There is no change in the tiger and though at some point in biological time he no longer needed his long incisors, with or without his primeval fangs he is still the tiger, stalking the same game that quickened his ancient ancestors in precisely the same way. Fear and hunger move every living thing, from the pin-pricked amoeba to vain acquisitive man. If you wish to speak of humanity, you must first know Man, and if you truly wish to know Man, you must look to yourself. If you can get free enough and are strong enough to get to the heart’s core and then work from there outward, you will have begun. But the journey is a lonely, inward one with dangers more frightening than anything you’ll encounter in the highlands of Tibet or amidst the vast and silent spaceways of the night, for instead of being alien and surprising the instincts and reflexes, those maelstroms are of the too-familiar blood, the narrows and rapids that rise and fall with all of our varied breath.
When you have gone far enough to know absolutely that the journey is one, that there is only the going and the becoming, that there is no destination, that the shore is at best a far vision, then you will come back to what drives you away—your self. Know too that time is the longest distance between two points. If your trip to the moon takes 20 hours, if San Francisco to New Delhi takes 16, don’t think you have gone farther than the kid who’s walked and stolen rides and bled and hidden in boxcars for 4 days to get from Albuquerque to Rapid City. We are all pilgrims.
The cultivation of the self, the endless betterment of yourself, is finally all you’ll be allowed to contribute to the human family. All our art and science and culture is a reflection of that truth. You will do no more for the hungry of the world than what your compassion for your own children plants and flowers in their hearts. It is the most subtle and difficult truth to grasp for someone who feels that he or she bleeds with all who are bleeding, but if you live to see further you will come to understand that you cannot light someone else’s lamp. At best you can present him with the example of your own light, how you feed and nourish it, so that perhaps when he returns to the darkness he will feel the yearning in his own soul for light and he will find what must be done to achieve it. If he comes to you for fire, you will share your fire, and if two others in time come to each of you for fire, you will each share your fire, and so on. The light is passed on and it multiplies only in that fashion. If there is time, only in that way shall mankind know the light. There is no one among us who will light the world. You may use all of your days igniting the empty flares huddled and peopling the darkness, but you will leave only darkness behind you, for the fire is not in the torch, the fire is in the heart, and each heart must learn it for itself or not at all.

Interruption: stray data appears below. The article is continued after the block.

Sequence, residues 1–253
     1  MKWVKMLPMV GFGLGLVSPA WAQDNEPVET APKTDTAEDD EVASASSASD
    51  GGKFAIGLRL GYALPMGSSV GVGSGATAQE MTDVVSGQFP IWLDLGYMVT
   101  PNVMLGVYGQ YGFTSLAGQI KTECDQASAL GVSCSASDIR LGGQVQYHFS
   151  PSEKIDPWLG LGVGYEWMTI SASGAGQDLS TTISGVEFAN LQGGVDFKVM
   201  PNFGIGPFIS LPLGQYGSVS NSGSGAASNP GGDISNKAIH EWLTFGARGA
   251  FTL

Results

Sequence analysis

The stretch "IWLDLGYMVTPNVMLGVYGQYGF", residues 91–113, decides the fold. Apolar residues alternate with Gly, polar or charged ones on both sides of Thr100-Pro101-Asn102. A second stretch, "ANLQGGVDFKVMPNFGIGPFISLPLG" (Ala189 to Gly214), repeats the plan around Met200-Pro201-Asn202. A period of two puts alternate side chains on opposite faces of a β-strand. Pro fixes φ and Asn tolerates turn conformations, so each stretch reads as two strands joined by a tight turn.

If you yearn to give something to all the living out there, you must do so through the excellence of your self. Every hidden lie that you feed, every compromise of your heart’s truth that you acquiesce to, every silent retreat in the face of the intolerable serves to broaden and deepen the slough of mediocrity that threatens the solid high ground of understanding. Refuse to party with and profit from and add to the forces of domination and cruelty and avarice and ignorance, and you will leave behind you one tiny chit against them. Remember that your light is so small and fragile a thing that it requires all of your concentration to keep it aglow, like birthday candles in a hurricane. Let nothing turn you away from that flame—neither praise, nor criticism, nor menacing fists, nor loving arms, nor bleeding fingers, nor reaching hands—for in the end it is all you have.
Until the human heart has turned away from brutality, until it has so engorged itself upon destruction that any form of cruelty sickens it instinctively, until it becomes the-heart-that-evolved-from-the-heart-of-man, there will be no end to the violent insanity that addicts mankind. The quality of your heart is what you must work on, as I mine, and all of us ours. To postpone the apocalypse is at best a wasted effort. We must want to turn away from the need for that final devastation, to cleanse the blood of the doom that rushes there. For as long as time lasts, we must work to bring about this change one heart at a time, your heart yours, my heart mine, and all of our hearts ours. The only inviolable disarmament will be fashioned when the thought of doing harm to others is no longer thinkable. Any disarmament based on less than such a consensus of feeling is false and ultimately will be broken.
Peace is the dream from out of the tempest, from out of the whirlwind is born the sublime.
© 1986 Joe Henry